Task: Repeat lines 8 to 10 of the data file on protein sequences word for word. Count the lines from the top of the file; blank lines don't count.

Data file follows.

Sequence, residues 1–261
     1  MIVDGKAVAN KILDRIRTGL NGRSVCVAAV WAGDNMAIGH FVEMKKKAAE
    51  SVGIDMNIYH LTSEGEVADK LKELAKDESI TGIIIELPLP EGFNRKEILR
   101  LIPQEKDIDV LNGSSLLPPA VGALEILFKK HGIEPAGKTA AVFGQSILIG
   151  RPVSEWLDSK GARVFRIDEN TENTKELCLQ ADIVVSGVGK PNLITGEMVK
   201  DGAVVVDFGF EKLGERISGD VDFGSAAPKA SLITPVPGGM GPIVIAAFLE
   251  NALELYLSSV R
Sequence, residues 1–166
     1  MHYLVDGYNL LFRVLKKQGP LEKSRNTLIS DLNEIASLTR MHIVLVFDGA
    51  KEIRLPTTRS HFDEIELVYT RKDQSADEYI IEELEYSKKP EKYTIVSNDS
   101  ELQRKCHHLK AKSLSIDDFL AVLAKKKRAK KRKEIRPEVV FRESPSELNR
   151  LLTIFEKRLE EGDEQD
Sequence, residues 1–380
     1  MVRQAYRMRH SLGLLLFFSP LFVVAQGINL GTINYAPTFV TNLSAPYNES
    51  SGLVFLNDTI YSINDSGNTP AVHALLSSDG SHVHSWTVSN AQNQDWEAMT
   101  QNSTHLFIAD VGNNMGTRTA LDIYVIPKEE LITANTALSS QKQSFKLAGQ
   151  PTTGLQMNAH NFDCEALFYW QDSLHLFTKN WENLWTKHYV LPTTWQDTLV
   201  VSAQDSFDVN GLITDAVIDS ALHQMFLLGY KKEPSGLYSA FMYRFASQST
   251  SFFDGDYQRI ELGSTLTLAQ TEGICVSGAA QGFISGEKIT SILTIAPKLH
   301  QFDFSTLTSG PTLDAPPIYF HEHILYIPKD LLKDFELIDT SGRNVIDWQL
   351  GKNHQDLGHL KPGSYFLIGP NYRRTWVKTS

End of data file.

Sequence, residues 1–166
     1  MHYLVDGYNL LFRVLKKQGP LEKSRNTLIS DLNEIASLTR MHIVLVFDGA
    51  KEIRLPTTRS HFDEIELVYT RKDQSADEYI IEELEYSKKP EKYTIVSNDS